Hardwood - Softwood Vs. Composite Decks: Which is best?

If I had been writing this article some 5 or so years ago, I would have had a very different approach to what I write now. (September 3rd 2010). Then, I was managing director of a decking company in UK that specialised in softwood decking.

 I was just starting to be swayed by some of the arguments from the plastic - composite manufacturers, and had even recommended and specified composite decking for one large school project.

 Alas, delivery in the quantity that I required, was a problem and the project went ahead with softwood - not because it was better, but because it was available. 

The problem with trying to research the benefits of composite over wood decking, is that

  •  a/ Many of the 'research' articles are old hat. They have not moved with the times or with the advancements in manufacture of plastic decking products. And, all too often, the same junk writing is recycled by other websites, and so, like much on the web, one has to be very careful about the 'advice' given.
  • b/ There is still a lot of bad vibes about composite decking - which undoubtedly had problems a few years back, and more or less all brands in the USA were subject of either law suits or at least heavy criticism. Mud sticks! (Though some would argue, not quite so much to plastic decking as it does to wood!)
  • c/ The cost element difference is now narrowing between good wood and good composite - plastic.

Environmentally Friendly

You will note that I have not mentioned the environmental aspects. This is mainly because I am unsure in my own mind, about the 'suggested' environmental plusses for plastic and composite, or the so called environmental 'problems' with using wood. I do not simply believe, at face value, the reports in favour of plastic decking that suggest that recycling is best! If you take the overall energy aspect into account when comparing wood with plastic, then there are many, many 'hidden' aspects which I suspect will even the equation up a little. If you are a dyed in the wood (oops! no pun intended) greenie, then you will disagree with most of my assumptions - and, probably anything that does not support your own viewpoint. So be it. I am not here to argue the case for an environmentally friendly product.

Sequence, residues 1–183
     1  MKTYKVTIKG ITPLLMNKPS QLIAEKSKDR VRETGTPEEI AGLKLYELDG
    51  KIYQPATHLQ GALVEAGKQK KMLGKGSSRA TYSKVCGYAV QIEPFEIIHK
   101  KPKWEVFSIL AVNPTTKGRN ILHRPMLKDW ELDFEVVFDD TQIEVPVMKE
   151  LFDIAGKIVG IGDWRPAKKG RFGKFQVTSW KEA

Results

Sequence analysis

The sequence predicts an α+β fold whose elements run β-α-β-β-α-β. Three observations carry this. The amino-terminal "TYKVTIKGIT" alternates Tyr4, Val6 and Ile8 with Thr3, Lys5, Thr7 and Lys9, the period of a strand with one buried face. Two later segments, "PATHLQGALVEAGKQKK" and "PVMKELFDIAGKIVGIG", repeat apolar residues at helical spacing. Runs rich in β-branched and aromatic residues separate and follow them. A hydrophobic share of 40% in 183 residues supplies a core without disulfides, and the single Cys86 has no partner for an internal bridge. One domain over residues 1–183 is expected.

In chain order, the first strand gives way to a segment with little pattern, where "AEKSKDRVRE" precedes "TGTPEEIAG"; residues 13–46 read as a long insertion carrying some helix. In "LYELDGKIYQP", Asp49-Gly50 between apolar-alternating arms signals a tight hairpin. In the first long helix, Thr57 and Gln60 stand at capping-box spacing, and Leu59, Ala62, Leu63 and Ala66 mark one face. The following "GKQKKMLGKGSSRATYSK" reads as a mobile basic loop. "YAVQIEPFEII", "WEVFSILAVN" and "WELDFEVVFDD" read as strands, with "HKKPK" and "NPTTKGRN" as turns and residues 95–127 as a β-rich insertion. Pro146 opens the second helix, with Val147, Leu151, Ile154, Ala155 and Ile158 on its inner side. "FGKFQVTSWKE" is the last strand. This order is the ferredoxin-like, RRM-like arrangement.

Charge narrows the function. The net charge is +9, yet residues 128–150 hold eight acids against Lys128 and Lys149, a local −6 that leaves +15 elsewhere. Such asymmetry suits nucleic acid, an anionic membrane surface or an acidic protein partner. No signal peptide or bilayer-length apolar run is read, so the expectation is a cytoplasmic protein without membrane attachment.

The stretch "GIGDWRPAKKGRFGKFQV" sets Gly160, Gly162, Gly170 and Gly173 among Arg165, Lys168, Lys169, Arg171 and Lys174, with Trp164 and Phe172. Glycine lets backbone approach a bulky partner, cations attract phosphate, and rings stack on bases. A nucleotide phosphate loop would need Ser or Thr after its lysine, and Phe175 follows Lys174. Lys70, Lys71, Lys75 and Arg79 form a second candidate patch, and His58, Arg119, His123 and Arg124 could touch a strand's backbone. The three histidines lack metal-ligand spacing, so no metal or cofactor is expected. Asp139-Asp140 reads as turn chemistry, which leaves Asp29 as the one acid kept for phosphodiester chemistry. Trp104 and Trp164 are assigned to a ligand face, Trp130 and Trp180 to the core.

Having visited many forests where timber is commercially grown, I am happy that the work done in producing that timber is as environmentally friendly as can possibly be. The only exception to that, is some of the hardwood production - especially from so called managed stands of tropical hardwoods. I know for a fact, that teak can be grown in a sustainable way. That is not to say that I know that teak is being made available from sustainable forests.

Let Battle Commence - Wood v. Composite

It is very easy to get emotional about the 'friendliness and warmth' of real wood. Understandable, it has been around for a long time. That does not give it sole rights as being better or the only suitable material to carry on building things like our fathers and forefathers did. Things progress.

Some arguments for wood against plastic have been round for years. We put the other side and show that yes - plastic is better!

  • Wood is warm, and natural, cool in the summer and warm in the winter.
    • Rubbish. Have you ever trod barefoot on an untreated - bleached - deck in the hottest of weather? The hotness - or coolness - is related to it's inherent colour more than the material construction. Light surfaces reflect heat - and so are cooler. (Touch a bit of white uPVC in the hottest of summer and see how cool it is. In the same area, touch something that is dark in colour!)
  • Natural wood is easier to maintain than composite decking.